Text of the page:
Why not sin?

God's Words
As well as being freed from the (hopeless) task of making ourselves acceptable to God, we Christians, living now, in Christ, not under the Law but ‘under Grace’ find that we are freed also from the ‘dominion’ of sin. ‘For sin will have no dominion over you, since you are not under law but under grace.’ Romans 6:14f. This second of three brief posts on the theme of living under grace also comes from J. I. Packer…

J. I. Packer wrote: “Paul succinctly spells this out in Romans 6:1- 8:14 arranging his thoughts as an answer to the question, ‘why should not those who are justified by faith cause grace to abound (pardoning grace, that is) by going on sinning as before?’

“Paul’s reply, in brief, is: not only is righteousness (law-keeping) both possible and prescribed for Christians, but it is also a fact that no Christian can go on sinning as before, for union with Christ has changed his nature so that now his heart (his inner man) desires righteousness as before it desired sin, and only obedience to God can satisfy his deepest inner craving.

“(A Christian) hates the sin that he finds in himself, and gets no pleasure from lapsing into it. Such is the state of mind of the man who is freed from sin’s dominion; he loves holiness because he loves his Saviour-God, and would not contemplate reverting to the days when, as sin’s slave, he loved neither. He knows that his freedom has ennobled him and brought him both the desire and the strength for right living, and for this he is endlessly thankful.”

From J. I. Packer in God’s Words.


‘Every-day’ Grace?

God's Words

‘For sin will have no dominion over you, since you are not under law but under grace.’ as Paul wrote in Romans 6:14f. So, what does it mean for us, as Christians, to live, every day, ‘under grace’? This first of three brief posts on the theme of living under grace comes from J. I. Packer…

J. I. Packer wrote: “The life of grace is a life of freedom… the Christian under grace is freed from the hopeless necessity of trying to commend himself to God by perfect law-keeping. Now he lives by being forgiven, and so is free at every point in his life to fail (as inevitably he does in fact, again and again) – and, having failed, to pick himself up where he fell, to seek and find God’s pardon, and to start again.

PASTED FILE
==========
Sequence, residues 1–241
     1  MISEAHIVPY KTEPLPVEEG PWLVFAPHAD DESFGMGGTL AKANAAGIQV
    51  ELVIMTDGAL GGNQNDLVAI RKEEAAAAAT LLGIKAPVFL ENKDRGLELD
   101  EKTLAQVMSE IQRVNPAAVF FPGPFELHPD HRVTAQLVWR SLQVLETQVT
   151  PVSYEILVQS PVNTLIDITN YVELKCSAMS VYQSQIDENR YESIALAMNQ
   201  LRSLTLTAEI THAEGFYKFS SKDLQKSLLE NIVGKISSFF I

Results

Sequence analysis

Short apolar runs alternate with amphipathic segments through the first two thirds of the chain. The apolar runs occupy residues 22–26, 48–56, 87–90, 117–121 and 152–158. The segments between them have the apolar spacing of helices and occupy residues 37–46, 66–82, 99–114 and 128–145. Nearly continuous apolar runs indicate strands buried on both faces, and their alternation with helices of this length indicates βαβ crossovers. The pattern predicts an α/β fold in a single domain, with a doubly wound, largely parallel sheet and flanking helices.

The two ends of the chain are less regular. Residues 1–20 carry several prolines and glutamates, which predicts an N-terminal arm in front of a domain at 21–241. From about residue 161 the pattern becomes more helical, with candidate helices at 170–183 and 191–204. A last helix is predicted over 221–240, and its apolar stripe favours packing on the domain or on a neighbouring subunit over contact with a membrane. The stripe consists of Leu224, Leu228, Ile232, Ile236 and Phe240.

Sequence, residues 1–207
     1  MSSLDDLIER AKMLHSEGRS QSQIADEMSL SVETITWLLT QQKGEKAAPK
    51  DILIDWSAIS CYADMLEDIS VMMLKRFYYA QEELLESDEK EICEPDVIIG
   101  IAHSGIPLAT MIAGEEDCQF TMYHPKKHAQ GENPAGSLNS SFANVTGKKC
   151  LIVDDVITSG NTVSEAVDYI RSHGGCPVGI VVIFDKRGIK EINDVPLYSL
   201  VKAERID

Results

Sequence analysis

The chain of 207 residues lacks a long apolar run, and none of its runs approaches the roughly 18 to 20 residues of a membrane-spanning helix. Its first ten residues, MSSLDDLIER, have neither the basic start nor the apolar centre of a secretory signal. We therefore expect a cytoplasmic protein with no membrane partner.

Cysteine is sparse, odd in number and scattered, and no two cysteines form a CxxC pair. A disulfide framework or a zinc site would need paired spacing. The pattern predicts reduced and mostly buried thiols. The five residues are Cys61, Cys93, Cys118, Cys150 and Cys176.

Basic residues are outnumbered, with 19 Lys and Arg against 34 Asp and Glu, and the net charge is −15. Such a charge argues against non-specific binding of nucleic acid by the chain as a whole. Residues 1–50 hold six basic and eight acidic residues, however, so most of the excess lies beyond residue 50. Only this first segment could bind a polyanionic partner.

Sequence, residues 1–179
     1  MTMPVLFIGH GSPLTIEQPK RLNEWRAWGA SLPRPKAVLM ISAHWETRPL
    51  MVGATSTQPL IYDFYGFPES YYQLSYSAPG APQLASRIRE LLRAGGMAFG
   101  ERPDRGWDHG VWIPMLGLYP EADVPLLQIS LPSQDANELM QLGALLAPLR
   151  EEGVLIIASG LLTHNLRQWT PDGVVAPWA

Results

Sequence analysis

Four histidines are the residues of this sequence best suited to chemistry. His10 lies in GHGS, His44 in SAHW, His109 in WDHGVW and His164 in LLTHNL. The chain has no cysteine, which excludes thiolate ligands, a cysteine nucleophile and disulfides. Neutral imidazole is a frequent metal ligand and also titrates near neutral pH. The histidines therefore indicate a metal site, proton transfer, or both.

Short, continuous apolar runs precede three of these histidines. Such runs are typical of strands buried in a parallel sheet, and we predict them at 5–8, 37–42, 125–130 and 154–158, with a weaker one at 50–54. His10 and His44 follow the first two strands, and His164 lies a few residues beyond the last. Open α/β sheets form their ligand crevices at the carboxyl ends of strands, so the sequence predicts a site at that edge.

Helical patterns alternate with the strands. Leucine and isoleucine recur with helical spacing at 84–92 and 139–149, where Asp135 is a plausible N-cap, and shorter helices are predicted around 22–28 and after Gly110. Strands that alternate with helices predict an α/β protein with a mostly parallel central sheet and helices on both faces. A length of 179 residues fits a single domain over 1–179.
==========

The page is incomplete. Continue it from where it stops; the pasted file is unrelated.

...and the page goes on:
“Pride, our natural disposition, which is self-protective, self-righteous and vainglorious, will either refuse to admit failure at all or refuse to try again, lest the trauma of failing be repeated; but the humility of the man who lives by being forgiven knows no such inhibitions.

“The Christian’s experience of daily failures, along with his inside knowledge of his own false motives and his tally of shameful memories, make him constantly want to claim for himself Paul’s end-of-life description, ‘the foremost of sinners’ (1 Timothy 1:15); daily, however, his shortcomings are forgiven and his joy restored.

“One reason why, as Jesus taught, we must be ready to forgive our fellow-Christians countless times is that our own life with God is a matter of being forgiven countless times, too.”

From J. I. Packer in God’s Words.

Surprised by Grace?


‘Gentle Jesus, meek and mild,
Look upon a little child;
Pity my simplicity,
Suffer me to come to Thee.’

For many of us who were introduced to Jesus as infants, this verse from Charles Wesley’s hymn found a place among our first prayers, and I am quite content to believe that our simple, trustful, request was heard; that the same Jesus, who insisted his disciples let little ones, like us, come to Him, received us then, and that all our subsequent experience of grace has been the fruit of the gracious welcome we experienced then. If this manner of conversion has any down side perhaps it is that it takes us longer to discover that we are no less sinners and no less sinful than the likes of John Newton, and that the Grace we have found with Jesus is no less amazing. This third brief post on the theme of Grace also comes from Charles Spurgeon….

 “But we believe that we will be saved through the grace of the Lord Jesus….”
Acts 15:11 ESV